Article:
Charles Alverson writes (April 2000)

Charles Alverson

It is gratifying that anyone is still concerned with a low-budget film nearly 25 years old. This would probably not be so if it hadn’t been directed by Terry Gilliam, but what the hell. From my point of view as first writer, the writing process was one of almost total enjoyment. It got a bit frustrating when Gilliam asked the impossible (to me, at that time) of me, such as creating a dialogue between Dennis and one of the ambulatory puppetshow’s puppets. I could probably do it now, but then it seemed impossible.

Although I take credit for a vast amount of the original writing on Jabberwocky, I was also responsible for a lot of the red herrings which Gilliam had to chase down and destroy when he shaped the shooting script from our unwieldy first draft. For instance, we had a running joke about wooden legs. Though this convulsed us, it had to go. As did so much more that I cannot remember now. And it was Terry who was able to take badly or barely written scenes (such as the Dennis/Wat Dabney scene) and make them work with economy which dazzled me. On the other hand, it was frustrating to see some of my brilliant scenes completely ruined on the screen either by the fact that the dialogue simple could not be played or because Gilliam was still cutting his directorial teeth and was not yet a genius. It was also frustrating to sit there and watch Gilliam-staged scenes (the fight between the Black Knight and the Jabberwocky) that I know damned well I could have done better. But, since the screenwriter has about the same role in directing a film as the father has in giving birth to a baby, there was little I could do.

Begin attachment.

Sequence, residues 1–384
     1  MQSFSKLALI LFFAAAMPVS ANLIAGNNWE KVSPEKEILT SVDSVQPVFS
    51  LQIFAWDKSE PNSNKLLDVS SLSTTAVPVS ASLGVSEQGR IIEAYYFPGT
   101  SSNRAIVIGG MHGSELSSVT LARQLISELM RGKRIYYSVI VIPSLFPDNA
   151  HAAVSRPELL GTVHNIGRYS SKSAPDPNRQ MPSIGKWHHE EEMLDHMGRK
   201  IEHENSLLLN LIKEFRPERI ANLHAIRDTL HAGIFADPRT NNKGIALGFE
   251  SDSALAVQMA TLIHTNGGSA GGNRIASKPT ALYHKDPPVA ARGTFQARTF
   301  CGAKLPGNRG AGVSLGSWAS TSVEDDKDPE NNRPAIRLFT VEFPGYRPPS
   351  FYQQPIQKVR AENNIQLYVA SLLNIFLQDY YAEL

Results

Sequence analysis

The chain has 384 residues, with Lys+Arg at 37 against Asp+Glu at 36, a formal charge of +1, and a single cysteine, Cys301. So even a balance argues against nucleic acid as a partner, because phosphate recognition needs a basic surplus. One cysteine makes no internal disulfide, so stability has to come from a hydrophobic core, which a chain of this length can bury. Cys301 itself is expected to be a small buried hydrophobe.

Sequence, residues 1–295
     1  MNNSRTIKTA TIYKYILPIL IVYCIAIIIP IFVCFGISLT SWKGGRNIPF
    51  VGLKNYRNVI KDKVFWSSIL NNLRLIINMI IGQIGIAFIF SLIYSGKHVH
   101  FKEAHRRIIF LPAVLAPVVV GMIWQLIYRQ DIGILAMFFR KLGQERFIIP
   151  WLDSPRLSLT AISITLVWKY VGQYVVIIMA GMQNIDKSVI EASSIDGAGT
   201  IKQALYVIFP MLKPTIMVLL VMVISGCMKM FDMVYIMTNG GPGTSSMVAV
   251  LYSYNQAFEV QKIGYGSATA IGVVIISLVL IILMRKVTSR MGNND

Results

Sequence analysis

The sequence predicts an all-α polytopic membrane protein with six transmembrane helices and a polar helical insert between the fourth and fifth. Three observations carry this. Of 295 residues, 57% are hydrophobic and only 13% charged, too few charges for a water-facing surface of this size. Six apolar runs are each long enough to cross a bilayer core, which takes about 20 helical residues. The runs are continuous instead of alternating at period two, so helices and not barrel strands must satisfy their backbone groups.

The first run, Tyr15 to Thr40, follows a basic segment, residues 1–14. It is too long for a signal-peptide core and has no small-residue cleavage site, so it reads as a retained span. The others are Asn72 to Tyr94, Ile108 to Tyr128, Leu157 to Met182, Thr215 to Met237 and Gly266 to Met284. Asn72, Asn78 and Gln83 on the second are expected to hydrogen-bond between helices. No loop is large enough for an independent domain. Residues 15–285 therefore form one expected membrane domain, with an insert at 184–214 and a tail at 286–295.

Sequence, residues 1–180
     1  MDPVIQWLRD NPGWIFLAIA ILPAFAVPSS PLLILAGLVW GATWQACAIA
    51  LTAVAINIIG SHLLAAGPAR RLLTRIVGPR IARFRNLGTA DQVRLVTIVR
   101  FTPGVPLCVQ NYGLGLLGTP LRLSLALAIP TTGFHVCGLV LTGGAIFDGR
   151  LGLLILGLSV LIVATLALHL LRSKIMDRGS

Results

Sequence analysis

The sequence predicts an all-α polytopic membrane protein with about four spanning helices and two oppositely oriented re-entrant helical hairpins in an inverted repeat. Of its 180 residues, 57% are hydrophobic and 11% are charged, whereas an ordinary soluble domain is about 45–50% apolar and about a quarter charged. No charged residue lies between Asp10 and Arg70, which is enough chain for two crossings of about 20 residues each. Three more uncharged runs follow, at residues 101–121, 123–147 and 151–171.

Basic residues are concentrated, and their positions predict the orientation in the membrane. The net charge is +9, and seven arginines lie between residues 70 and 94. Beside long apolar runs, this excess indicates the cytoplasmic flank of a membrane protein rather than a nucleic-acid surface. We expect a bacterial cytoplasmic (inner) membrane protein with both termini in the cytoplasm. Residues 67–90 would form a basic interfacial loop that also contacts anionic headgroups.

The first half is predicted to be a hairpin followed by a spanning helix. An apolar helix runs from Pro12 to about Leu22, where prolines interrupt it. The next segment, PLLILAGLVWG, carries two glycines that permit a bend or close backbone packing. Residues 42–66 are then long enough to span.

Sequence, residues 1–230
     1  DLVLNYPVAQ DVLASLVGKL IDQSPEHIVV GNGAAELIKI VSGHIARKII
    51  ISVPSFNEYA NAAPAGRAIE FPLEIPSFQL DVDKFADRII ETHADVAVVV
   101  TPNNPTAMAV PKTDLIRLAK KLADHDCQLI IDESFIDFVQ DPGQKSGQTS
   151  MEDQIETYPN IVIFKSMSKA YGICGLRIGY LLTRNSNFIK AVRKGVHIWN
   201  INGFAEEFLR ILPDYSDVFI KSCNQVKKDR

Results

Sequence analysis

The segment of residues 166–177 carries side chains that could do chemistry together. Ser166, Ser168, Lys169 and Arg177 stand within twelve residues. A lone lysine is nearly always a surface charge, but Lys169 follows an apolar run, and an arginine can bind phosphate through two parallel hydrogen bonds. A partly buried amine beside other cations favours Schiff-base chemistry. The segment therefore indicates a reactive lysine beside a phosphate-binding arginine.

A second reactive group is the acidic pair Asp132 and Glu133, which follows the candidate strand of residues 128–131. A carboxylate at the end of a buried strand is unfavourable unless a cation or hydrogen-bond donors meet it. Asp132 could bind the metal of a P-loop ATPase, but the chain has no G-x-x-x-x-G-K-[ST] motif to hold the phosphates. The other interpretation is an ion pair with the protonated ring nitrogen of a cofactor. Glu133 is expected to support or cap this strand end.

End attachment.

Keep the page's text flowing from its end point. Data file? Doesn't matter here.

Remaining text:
Quite aside from my brilliant script and Gilliam’s brilliant direction, for me, the best thing about Jabberwocky is the cast. It was a great privilege to see our words delivered by Max Wall, John Le Mesurier, Warren Mitchell, the actors who played Dennis’s father (Paul Curran), the chief merchant (Peter Cellier), the Bishop (Derek Francis), Wat Dabney (Jerrold Wells). These people made the film. And if the odd miscasting (Harry H. Corbett as the Squire) took years off of Gilliam’s life, it also made him a better director.

When I receive the odd small check for Jabberwocky royalties, and I note that aside from Mike Palin I get by far the smallest slice of the pie, it not only makes me realize the humble position of the screenwriter, but convinces me that film is the most scum-sucking medium in the world and makes me glad to be a novelist.

Read more by Charles Alverson at ChasOnline 

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